It is well known that oedometer moduli M are not constant, but vary with the applied vertical load. In particular the oedometer modulus increases up to the maximum past pressure p_{c}. At p_{c }, break point in the e-log p curve, the modulus decreases, to increase again at higher loads. Therefore the average modulus to be used for predicting settlement should in principle be chosen as the average modulus in the interval between the initial and the final vertical load. This can be done if the e-log p curve from the oedometer is available, but cannot be done if only the constrained modulus at geostatic stress is available. Since the target of DMT is specifically the 1-D modulus at vertical geostatic stress, and since DMT does not provide information on modulus at stresses higher than geostatic, predicting settlements using M_{DMT} involves approximation. Fig. 4 shows schematically two typical e-log p oedometer curves, and the values of the moduli M at various applied vertical load p. In many natural soils, with the exception of highly structured clays, where the break is sharp, the variation of the modulus across p_{c} is moderate. Hence the error in assuming M≈constant is often relatively acceptable for practical purposes. This assertion is supported by the large number of case histories in the recent decades indicating good agreement between observed and DMT-predicted settlements. On the other hand moduli estimated by alternative methods are not rarely affected by errors (e.g. disturbed samples) much larger than the mentioned approximation.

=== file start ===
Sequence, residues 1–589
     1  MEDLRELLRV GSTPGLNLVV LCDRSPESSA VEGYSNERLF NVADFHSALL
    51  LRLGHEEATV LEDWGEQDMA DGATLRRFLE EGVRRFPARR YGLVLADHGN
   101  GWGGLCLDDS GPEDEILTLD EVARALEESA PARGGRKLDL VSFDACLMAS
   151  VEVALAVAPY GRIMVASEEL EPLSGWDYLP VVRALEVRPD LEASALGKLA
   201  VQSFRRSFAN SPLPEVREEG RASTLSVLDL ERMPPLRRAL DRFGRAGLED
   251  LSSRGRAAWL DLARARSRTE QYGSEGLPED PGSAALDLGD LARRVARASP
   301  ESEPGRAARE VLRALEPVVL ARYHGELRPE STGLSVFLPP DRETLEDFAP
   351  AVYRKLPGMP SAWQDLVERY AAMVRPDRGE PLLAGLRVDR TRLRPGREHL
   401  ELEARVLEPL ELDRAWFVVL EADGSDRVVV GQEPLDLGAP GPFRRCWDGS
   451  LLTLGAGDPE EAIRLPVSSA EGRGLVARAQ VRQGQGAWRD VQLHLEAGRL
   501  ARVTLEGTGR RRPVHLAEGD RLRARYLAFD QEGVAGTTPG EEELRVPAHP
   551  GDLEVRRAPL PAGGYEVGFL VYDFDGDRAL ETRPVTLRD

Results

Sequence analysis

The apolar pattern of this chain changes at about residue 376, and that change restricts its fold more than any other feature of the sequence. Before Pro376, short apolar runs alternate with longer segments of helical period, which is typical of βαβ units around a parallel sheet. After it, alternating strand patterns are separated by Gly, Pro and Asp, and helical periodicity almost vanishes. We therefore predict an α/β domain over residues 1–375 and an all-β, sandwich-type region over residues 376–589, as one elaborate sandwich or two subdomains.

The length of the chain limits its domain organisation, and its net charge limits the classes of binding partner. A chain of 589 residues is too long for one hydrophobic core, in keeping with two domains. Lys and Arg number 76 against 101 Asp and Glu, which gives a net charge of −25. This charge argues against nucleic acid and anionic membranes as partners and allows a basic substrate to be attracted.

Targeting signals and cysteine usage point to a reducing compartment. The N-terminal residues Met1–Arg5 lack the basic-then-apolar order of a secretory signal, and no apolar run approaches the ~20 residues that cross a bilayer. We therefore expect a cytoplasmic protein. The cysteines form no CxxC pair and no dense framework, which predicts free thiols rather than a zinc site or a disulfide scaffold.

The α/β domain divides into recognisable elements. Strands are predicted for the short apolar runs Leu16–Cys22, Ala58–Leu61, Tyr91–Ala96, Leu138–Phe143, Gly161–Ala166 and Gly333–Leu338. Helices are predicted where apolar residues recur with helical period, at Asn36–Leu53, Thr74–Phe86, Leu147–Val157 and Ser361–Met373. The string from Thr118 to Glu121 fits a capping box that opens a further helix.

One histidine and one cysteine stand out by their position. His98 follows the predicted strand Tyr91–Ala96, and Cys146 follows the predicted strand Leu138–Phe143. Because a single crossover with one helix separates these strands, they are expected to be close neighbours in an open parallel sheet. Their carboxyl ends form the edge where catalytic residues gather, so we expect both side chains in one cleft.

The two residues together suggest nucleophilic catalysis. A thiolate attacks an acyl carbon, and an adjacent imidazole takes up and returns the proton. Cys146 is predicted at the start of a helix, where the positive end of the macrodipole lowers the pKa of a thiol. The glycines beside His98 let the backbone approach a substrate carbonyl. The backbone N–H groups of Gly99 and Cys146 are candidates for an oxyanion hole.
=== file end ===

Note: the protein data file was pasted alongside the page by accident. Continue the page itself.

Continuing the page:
It is reminded that M_{DMT} provides an estimate of the operative modulus during the consolidation. Hence the predicted settlement is the primary settlement, and does not include the secondary settlement.
In clay, the expansion of the membrane occurs in undrained conditions. Therefore the dilatometer modulus E_{D} is an undrained modulus. Thus, according to logic, the correlation to be investigated should be between E_{D} and the undrained modulus E_{u}. Attempts of this kind were carried out in the early days of the DMT development. However a big obstacle, precluding such possibility, was the high variability of the undrained moduli provided by different laboratories, at least in part due to the high sensitivity of E_{u} to the disturbance. Hence, as a second attempt, the correlation E_{D} – M was investigated. This correlation involves many soil properties, including material type, anisotropy, pore pressure parameters etc. Hence no unique E_{D }– M correlation can be expected. On the other hand the DMT provides, in addition to E_{D}, also the parameters I_{D} and K_{D} , containing at least some information on material type and stress history. This availability provides some basis to expect at least some degree of correlation E_{D} – M , using I_{D} and K_{D} as parameters. Moreover, while the correlation E_{D} – M is, at least in principle, weaker than E_{D} – E_{u }, at least E_{D} – M can be tested, because M by different laboratory have much less variability than E_{u}.
Obviously the final word goes to real world observations. Large number of case histories have generally proved the favorable comparisons between observed and DMT-predicted primary settlements, thereby supporting the use of M_{DMT }as operative constrained modulus.
Note also Lambe et al. (1977 Jnl Asce GE, 106, GT3): “Drained moduli of saturated clays are typically about one-third to one-fourth the undrained values”. Hence a broad connection drained-undrained stiffness has already been invoked in the past.
Settlements calculations are generally carried out using the 1-D elasticity formula in 1-D problems, say large rafts, or the 3-D elasticity formula in 3-D problems, say small isolated footings. The well known formulae are respectively:
However the general recommendation is to use in all cases the 1-D formula, for the following reasons (Marchetti, 1991):
Since the above two formulae give similar answers, it appears preferable to use the 1-D formula, simpler and avoiding elusive n or σ_{h.}